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April 08, 2020 | Tom Ballard

Chattanooga Chamber holds online workshop spotlighting help available to city businesses and organizations

Just hours after the Chattanooga City Council approved a $500,000 emergency fund to help businesses impacted by the COVID-19 pandemic, the Chattanooga Area Chamber of Commerce hosted a Zoom event yesterday afternoon to update individuals in the “Gig City” on several types of assistance available to businesses and other organizations impacted by the COVID-19 pandemic.

The discussion, which featured three individuals, was moderated by Marcus Shaw, Chief Executive Officer of CO.LAB. The panelists were Jermaine Freeman, Civic Engagement Coordinator for the City of Chattanooga; Lynn Chesnutt, Managing Director of the Tennessee Small Business Development Center in Chattanooga; and Dwayne Marshall, Vice President for Community Investment with the Community Foundation of Greater Chattanooga.

Freeman told those on the video call that the latest funding is designed to help businesses that were impacted by Mayor Andy Berke’s late March Executive Order regarding closing because they were unable to implement recommended social distancing practices.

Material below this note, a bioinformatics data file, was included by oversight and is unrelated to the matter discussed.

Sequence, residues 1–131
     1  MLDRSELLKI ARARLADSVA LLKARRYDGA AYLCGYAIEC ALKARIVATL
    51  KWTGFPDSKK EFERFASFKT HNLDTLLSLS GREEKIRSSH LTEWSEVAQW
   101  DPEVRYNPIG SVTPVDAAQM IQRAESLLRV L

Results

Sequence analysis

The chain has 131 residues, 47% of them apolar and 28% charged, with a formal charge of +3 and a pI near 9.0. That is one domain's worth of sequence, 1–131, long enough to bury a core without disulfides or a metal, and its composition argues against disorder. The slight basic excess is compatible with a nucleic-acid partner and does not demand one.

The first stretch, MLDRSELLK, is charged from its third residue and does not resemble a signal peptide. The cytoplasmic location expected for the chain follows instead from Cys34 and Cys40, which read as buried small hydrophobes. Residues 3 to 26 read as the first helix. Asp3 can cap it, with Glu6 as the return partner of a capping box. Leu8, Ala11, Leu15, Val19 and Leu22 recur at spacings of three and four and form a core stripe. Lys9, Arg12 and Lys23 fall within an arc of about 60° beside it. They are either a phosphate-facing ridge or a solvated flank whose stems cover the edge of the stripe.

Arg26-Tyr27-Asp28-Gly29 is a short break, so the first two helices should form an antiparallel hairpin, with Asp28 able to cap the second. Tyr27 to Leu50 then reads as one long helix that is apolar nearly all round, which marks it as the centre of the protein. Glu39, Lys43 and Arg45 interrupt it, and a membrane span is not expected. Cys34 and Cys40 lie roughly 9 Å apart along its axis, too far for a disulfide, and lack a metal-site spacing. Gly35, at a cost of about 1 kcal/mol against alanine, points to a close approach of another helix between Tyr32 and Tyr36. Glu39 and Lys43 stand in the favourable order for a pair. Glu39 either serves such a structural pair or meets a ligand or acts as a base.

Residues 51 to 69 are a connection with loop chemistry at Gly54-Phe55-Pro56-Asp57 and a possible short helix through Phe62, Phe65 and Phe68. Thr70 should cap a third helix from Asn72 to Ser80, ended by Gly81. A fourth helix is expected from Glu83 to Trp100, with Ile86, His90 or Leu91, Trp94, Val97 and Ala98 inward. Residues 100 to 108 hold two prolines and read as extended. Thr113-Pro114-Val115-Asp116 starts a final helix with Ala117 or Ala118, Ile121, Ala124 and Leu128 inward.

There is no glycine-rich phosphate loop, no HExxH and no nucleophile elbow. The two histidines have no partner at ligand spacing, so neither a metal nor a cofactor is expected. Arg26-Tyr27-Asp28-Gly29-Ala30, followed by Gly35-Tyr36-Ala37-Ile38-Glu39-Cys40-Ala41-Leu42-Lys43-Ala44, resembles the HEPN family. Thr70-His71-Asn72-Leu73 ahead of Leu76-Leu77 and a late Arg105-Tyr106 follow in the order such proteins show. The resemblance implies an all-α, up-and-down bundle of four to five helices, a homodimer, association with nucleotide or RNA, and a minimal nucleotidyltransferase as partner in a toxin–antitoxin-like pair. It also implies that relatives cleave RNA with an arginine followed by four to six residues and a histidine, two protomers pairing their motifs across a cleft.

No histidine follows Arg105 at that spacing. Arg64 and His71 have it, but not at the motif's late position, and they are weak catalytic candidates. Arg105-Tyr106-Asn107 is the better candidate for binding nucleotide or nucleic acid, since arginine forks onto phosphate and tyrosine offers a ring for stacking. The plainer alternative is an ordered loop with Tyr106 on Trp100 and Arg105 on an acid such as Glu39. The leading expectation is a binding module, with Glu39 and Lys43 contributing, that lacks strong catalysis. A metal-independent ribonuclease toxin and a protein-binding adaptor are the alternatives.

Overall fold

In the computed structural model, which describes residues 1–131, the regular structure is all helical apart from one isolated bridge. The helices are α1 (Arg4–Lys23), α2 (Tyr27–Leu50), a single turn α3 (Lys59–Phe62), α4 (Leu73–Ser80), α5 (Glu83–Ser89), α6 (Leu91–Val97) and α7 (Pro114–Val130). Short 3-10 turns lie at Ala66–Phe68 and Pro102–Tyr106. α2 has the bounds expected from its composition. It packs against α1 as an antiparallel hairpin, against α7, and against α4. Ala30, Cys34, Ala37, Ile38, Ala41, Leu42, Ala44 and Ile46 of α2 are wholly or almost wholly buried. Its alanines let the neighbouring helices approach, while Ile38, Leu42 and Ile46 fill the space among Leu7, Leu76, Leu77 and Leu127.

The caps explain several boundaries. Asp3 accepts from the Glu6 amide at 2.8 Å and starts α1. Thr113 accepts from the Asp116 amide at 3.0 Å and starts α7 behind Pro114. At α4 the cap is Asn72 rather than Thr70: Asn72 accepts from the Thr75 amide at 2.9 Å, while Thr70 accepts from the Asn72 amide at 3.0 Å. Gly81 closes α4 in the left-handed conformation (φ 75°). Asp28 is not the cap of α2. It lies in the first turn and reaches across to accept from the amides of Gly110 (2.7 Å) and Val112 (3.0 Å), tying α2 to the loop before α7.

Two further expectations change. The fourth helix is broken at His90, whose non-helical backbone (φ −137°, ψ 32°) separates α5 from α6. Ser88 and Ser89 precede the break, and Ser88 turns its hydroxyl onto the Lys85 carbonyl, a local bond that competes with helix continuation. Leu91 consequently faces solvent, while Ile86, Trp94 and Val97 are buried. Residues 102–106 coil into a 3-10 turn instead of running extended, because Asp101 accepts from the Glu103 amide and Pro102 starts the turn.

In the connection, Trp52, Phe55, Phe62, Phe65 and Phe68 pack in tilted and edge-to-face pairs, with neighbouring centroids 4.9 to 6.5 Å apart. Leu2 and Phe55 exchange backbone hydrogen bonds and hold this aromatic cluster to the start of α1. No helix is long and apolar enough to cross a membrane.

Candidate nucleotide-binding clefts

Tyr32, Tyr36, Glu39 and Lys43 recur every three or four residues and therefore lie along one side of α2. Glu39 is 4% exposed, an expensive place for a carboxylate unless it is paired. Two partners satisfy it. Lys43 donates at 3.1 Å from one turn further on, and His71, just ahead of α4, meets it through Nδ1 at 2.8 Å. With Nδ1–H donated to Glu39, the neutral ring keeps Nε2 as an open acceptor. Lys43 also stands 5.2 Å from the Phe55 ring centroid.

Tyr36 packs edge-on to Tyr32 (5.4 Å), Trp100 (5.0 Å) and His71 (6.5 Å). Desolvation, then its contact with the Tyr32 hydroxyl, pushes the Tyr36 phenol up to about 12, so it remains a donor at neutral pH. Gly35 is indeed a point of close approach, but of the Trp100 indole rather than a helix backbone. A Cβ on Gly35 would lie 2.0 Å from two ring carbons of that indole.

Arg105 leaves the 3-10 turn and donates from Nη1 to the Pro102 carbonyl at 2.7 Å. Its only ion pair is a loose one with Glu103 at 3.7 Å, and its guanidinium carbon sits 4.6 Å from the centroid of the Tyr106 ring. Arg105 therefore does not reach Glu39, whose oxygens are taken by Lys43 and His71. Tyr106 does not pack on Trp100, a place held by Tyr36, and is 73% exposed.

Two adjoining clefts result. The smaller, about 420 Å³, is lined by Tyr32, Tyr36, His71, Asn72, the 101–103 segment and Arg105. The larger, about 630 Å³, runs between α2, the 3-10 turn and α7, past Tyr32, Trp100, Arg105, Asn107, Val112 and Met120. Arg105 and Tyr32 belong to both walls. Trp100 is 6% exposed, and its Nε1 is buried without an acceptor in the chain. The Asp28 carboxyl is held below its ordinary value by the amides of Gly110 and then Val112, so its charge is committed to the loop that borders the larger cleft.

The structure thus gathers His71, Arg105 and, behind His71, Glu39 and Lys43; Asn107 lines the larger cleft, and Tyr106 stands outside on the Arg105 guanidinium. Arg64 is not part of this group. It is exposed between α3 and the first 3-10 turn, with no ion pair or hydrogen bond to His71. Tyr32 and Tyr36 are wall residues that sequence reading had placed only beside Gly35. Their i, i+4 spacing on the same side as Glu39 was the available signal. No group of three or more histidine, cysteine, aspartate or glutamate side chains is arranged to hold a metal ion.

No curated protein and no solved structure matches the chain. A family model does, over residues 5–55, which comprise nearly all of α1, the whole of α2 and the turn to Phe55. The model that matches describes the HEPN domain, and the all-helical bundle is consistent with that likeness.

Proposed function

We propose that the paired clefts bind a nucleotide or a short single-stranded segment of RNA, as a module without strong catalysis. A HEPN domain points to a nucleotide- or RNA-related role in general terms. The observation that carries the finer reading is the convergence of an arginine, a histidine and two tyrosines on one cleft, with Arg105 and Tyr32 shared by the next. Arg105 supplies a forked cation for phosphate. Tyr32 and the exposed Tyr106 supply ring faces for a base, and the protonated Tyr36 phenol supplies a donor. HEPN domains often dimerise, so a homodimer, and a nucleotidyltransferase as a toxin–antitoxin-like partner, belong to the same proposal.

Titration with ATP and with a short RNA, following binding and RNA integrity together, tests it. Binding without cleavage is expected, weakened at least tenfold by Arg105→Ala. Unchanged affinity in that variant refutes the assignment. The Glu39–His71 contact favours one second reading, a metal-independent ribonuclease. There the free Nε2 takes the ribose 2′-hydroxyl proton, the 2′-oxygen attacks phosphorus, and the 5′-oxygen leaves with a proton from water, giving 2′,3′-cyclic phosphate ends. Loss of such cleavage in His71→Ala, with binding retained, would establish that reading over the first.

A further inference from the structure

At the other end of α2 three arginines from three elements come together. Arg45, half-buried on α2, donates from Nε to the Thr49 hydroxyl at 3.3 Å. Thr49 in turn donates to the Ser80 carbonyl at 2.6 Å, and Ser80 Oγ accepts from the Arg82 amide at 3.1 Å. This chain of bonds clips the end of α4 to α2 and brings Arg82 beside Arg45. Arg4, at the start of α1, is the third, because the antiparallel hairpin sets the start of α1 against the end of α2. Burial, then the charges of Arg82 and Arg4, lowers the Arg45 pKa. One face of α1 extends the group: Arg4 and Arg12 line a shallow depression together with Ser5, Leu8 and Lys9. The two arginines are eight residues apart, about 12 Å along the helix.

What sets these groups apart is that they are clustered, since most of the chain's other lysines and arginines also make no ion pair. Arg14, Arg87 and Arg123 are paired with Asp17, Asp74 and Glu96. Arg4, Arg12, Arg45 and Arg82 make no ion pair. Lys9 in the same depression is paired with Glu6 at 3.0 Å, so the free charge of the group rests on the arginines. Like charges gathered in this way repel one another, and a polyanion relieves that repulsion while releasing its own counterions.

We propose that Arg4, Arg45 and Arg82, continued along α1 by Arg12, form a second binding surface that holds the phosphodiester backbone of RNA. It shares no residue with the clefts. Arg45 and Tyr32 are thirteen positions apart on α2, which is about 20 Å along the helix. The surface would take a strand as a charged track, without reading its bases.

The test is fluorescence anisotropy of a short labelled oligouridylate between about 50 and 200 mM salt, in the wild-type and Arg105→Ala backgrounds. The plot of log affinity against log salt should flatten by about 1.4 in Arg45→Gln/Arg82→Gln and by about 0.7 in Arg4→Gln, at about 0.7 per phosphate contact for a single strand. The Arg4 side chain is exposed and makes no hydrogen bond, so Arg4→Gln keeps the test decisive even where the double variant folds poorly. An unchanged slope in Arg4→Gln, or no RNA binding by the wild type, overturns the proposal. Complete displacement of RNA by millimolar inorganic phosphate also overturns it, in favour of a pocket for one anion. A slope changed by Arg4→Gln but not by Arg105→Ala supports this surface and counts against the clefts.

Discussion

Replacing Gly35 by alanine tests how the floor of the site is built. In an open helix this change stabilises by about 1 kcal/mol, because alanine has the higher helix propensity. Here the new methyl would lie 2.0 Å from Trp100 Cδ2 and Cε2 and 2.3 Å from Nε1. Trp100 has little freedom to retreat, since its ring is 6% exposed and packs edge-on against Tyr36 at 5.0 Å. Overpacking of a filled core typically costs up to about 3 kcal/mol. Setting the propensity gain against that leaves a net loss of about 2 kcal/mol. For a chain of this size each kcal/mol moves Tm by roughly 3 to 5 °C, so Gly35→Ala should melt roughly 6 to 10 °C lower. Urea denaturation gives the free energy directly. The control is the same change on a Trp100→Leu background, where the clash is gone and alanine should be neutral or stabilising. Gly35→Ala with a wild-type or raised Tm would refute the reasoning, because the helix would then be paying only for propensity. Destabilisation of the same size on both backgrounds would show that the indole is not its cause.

“We should be able to take applications as early as next Monday,” he said, adding that the maximum award would be $5,000. The city has also implemented a bridge loan program that is designed to help small businesses until they can tap into other programs. Awards under that program will take a little longer to secure approval.

Marshall described an effort led by the Community Foundation to support organizations that are helping individuals who are impacted by the COVID-19 pandemic – those he described as “our most vulnerable.” Thus far, about $1 million has been raised and about one-half of the funding has been deployed.

“We have funded 14 organizations and can do so in a matter of days,” Marshall said. Fundraising is continuing.

The Community Response and Resilience Fund, as the multi-organization initiative is known, will support communities that are disproportionately and negatively affected by the health, economic, and social impacts of the coronavirus outbreak.

Chesnutt described the ever evolving guidelines for the various federal programs administered by the U.S. Small Business Administration.

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